On the 25th May 2018, the GDPR regulations will come to fruition. Not only does this mean more rigorous data standards, but it also means a significant risk of hefty fines if your data management systems are not up to scratch.
Privacy is the buzz word of today’s world – and rightly so. Too much of our life is captured online, often without explicit consent, so it is only fair we have our rights protected.
Our right to be forgotten upheld.
But, what can you do when your data is not reliable enough to fulfil such an instruction? Moreover, what are the pitfalls of failing to act upon the request?
How companies record consent varies to a high degree, which leads to complications when a customer asks to be forgotten. It is not uncommon for several layers of consent stretching across different organisational channels, made even more complex by unconnected data tables and cumbersome reconciliation processes.
But a primary concern lies in how you actually collect consent. It must be:
- Freely given
- Positive opt-in (so no ‘inferred from silence’ or pre-ticked boxes)
- Separate from other T&C’s
- Easy to withdraw
The first step in this minefield is mapping your collection process, as it is only in understanding the early workings of your system that you can begin to know if you are aligned with regulation. Do you know to what your customer has consented? With who you can share their information?
If not, you could fall foul of GDPR standards, and you’ll find little understanding from the authorities – just a substantial fine to pay.
Assess Data Standards
Even where consent is appropriately given, there could be potholes among the data. All too often we hear stories where data management systems are outdated, unmanaged or, quite frankly, ignored. The result?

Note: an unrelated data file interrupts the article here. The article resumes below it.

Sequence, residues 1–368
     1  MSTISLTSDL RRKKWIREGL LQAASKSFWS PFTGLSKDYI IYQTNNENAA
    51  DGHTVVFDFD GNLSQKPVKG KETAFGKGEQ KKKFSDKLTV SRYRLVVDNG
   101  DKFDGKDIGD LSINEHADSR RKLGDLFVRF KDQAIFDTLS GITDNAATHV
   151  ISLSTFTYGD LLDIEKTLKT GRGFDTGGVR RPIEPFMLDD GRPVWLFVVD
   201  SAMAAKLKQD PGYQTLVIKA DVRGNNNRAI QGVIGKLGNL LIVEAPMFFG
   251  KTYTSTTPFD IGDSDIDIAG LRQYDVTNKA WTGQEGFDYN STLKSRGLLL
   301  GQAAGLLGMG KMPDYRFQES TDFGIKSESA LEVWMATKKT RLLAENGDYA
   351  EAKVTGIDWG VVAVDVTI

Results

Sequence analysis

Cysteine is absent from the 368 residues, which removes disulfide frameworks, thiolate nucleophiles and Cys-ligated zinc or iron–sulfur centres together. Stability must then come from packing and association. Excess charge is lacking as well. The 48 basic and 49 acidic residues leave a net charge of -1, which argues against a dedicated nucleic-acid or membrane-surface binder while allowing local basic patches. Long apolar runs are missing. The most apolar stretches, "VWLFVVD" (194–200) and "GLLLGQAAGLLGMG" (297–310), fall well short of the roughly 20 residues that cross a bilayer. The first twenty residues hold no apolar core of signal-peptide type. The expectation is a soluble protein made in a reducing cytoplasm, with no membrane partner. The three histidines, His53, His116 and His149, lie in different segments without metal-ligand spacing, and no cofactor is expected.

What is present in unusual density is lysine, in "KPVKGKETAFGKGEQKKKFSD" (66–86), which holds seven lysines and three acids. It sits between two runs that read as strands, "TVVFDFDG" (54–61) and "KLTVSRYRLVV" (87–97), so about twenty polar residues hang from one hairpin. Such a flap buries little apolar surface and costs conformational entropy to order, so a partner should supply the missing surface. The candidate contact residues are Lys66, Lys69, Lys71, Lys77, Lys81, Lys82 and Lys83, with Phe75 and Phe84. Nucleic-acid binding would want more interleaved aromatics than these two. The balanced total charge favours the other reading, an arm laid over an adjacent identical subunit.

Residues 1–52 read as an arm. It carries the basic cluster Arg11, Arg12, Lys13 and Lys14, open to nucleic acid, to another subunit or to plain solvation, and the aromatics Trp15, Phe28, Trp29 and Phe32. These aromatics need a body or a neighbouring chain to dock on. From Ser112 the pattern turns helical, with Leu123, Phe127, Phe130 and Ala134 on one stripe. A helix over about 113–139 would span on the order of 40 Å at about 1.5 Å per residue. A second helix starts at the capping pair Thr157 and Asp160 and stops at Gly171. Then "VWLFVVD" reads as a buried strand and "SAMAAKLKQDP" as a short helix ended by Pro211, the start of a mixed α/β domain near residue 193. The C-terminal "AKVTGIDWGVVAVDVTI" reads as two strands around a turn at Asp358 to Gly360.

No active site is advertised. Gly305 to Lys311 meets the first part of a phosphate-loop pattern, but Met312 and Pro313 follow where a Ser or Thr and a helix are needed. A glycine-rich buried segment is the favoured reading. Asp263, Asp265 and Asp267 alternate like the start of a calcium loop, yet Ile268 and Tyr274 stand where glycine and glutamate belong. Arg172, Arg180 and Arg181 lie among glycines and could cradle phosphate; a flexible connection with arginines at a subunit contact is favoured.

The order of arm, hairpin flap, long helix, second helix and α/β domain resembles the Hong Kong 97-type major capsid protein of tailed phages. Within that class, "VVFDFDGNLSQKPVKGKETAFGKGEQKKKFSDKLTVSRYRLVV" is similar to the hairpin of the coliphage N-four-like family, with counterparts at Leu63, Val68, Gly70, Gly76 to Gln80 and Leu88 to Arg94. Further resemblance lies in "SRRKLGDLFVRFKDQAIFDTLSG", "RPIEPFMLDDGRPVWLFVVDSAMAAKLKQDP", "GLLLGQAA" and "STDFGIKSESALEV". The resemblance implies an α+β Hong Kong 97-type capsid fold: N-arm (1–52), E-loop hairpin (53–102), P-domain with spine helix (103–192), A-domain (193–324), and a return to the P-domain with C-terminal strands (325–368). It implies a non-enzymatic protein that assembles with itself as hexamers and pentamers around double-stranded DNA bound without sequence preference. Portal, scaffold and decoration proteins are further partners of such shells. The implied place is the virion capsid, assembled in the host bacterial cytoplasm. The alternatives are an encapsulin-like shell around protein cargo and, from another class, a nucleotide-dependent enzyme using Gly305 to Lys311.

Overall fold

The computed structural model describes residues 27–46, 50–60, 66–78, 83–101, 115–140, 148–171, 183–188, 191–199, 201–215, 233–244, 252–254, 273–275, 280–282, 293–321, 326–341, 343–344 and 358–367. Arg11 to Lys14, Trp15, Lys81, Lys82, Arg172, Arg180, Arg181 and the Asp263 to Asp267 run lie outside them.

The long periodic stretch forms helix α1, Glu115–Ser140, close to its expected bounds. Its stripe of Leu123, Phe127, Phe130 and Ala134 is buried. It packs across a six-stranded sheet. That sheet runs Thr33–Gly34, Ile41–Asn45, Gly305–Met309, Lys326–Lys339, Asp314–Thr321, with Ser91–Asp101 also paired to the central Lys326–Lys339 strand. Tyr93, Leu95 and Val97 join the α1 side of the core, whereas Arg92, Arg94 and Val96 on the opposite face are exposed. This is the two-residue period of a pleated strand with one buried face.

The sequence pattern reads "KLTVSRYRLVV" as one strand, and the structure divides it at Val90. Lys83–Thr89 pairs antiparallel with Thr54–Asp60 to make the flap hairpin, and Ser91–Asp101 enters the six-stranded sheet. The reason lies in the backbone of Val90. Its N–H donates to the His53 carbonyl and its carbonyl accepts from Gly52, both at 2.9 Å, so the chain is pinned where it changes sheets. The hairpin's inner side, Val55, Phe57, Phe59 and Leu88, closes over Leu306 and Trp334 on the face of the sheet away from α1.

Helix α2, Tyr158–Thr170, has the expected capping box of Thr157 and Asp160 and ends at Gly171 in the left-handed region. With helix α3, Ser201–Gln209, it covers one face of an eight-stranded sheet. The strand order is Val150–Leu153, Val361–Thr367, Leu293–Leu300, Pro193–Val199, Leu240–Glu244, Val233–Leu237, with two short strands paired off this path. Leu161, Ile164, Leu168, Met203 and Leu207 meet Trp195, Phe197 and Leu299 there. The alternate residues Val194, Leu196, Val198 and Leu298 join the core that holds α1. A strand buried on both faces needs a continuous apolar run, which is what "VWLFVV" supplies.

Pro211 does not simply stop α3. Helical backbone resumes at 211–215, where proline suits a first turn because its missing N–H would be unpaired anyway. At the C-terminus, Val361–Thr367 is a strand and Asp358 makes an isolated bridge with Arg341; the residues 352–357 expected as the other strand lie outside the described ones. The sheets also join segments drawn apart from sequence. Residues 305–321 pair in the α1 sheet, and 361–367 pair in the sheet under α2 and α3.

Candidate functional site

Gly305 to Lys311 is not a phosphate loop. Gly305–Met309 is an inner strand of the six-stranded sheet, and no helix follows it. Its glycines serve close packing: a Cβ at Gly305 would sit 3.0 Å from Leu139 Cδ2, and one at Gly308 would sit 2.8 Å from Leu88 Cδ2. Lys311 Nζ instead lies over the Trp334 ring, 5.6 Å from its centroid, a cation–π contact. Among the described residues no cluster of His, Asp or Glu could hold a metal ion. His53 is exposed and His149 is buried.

An incomprehensible melee of duplicated records, missing entries and incomplete fields.
The issue is that, if your enterprise has ended up with duplicate versions of Mary from 49 Station Street and Mary S. from 49 Station St, you could be in line for a shock.
While you believe you obliged Mary’s right to be forgotten, you may have missed the duplicate Mary S – an expensive oversight.
Spring Data Cleanse
The good news is that spring is just around the corner; we are not far from sunnier days, longer evenings, and a happier population all around. The bad news – come spring, come GDPR.
So, it is imperative you identify any gaps, today.
Even with recently updated systems – or assumed compliance – there is every risk that legacy data will be your undoing. If data maintenance has been sub-optimal, or your data sanitisation processes were not correct, you could still be liable for a fine, despite having acted in good faith.
Most large-scale organisations have been pro-active in establishing the right protocols for data management. But, have they gone far enough?
Establishing Robust Systems
Defining proper data collection and data management solutions is one thing, creating a process to ensure long-term data integrity is another question altogether. Companies often fall back on assumptions that someone else is looking after a system, blissfully unaware it is quickly gathering dust.
Best practice involves routine maintenance, regular audits and a transparent data sanitisation schedule. Why? So that – if and when human error occurs – issues are quickly resolved.
What’s more, it’s just good practice.
It is not uncommon to see a Data Protection Officer on the Org. chart of any modern business. Their primary responsibility revolves around data cleanliness – an invaluable role in a world where every company must rinse their information dry if they are going to maximise profits; while staying on the right side of the law.
Failing a senior data officer, identifying a data ambassador at least ensures one member of your workforce has accountability, averting any groupthink that ‘someone else’ was looking after it.
Path to Success
While such process reviews can seem laborious, you’ll be surprised at just how much money clean data can save – or earn, even. No more wasted budget on direct mail campaigns going to non-existent recipients; only actionable insights thanks to reliable information.
So, Tell Me: What’s the Cost!?!
In short, it falls within the highest tier of administrative penalties, levelled at:
A fine of up to €20 million, or 4% of your total worldwide annual turnover, whichever is higher.
The choice is yours – as is the risk.
Want to Learn More?
The new GDPR regulation will present a challenge but needn’t create a headache. To understand more about what it means for your organisation, why not watch our recording of our webinar “How to make your Data fit for GDPR”.